The Letter by Mabel Forrest

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A victory! We hear across the seas
How they press on, our brave Australian boys,
Pitted against the reivers of the world.
Pitted against the flower of the Huns,
These lads, yet green in battle, make a name
To stand forth in the ranks of Caesar's Guard
And grim battalions of old conquerors!
Did they not right nobly on the Somme?
At Pozieres they lifted high their flag --
Bapaume and Vimy! Off-shoots of the tough
Old British Stock. This mother shears her son
Has gained his D.S.O., and this a bar,
And that a special mention. I the while,
Who am no mother -- and for ever maid --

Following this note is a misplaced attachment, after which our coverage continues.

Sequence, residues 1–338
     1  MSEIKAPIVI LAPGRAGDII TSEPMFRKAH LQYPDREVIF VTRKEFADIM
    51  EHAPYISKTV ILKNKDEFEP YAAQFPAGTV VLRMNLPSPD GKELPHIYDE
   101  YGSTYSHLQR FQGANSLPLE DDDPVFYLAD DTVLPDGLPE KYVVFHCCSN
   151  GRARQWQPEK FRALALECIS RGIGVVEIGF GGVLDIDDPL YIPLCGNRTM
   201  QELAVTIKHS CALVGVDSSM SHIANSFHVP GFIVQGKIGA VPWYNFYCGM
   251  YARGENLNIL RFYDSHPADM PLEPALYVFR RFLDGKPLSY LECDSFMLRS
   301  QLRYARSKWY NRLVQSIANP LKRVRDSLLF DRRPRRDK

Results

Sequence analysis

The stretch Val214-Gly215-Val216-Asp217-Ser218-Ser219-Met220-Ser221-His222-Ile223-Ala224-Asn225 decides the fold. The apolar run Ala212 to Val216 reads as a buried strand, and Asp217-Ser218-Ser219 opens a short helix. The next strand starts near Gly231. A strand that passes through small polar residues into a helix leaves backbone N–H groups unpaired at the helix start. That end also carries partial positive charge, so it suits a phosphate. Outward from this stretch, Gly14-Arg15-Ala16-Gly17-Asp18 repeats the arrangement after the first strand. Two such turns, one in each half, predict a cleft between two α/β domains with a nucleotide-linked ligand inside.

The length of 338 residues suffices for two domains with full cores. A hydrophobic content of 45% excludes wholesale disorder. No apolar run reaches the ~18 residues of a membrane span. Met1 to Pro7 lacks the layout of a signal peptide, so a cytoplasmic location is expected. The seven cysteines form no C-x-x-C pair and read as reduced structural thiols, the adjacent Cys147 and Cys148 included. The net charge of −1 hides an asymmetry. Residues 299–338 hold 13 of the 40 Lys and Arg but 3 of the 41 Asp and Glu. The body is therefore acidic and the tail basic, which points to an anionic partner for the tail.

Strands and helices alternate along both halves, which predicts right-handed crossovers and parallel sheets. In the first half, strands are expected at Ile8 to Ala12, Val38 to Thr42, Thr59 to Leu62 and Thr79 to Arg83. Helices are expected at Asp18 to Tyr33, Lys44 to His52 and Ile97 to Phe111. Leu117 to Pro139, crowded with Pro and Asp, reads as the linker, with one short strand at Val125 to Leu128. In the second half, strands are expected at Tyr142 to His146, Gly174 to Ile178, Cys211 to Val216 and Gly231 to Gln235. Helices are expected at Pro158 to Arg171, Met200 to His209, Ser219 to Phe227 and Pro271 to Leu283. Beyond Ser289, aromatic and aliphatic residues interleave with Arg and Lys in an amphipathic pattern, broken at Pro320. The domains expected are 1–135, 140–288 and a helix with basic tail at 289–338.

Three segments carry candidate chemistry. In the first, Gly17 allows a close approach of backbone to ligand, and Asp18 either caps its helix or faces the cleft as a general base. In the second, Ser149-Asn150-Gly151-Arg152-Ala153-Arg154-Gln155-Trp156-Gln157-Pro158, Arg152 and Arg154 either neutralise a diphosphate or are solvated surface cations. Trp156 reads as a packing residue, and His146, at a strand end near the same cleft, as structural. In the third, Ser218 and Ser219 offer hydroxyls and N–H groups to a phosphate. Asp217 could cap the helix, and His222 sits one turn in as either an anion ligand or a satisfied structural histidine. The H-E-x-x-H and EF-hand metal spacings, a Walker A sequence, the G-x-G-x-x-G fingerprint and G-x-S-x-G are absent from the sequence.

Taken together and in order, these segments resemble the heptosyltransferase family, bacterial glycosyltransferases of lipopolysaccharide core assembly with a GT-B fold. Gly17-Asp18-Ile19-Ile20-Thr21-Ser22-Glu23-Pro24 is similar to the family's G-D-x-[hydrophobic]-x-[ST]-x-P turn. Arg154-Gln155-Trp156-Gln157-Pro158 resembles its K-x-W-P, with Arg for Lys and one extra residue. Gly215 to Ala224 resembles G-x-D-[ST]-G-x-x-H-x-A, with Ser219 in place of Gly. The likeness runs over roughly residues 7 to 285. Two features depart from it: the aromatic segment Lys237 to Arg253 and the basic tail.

Have this much to my hand of victory --
My last unopened letter to my love. 

The little silly words I cooed to him,
Through the cold medium of a pen and ink,
Small chronicles of that calm life he knew,
A snapshot of myself in my new gown,
My hand upon the head of his pet dog,
Showing the ring he gave me. I can trace
The merry words I wrote when life was fair,
With budding promise -- for my dear yet lived.
"when you come back" -- I wrote, and then I paused
To let him fill the blank, perhaps with whiff
Of orange blossom blowing down the years,
And the soft rustle of a wedding gown.

The newsboys shriek of "Victory" in the street;
The quick trams grate towards Victoria bridge;
A girl is poring o'er a pencilled page
Thumb-marked with Flanders mud, scrawled from a trench;
But I have only my own letter back,
And stamped upon the flap the word "Deceased."

First published in The Sydney Mail, 11 July 1917

Author reference sites: AustlitAustralian Dictionary of Biography

See also

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This page contains a single entry by Perry Middlemiss published on July 11, 2014 7:45 AM.

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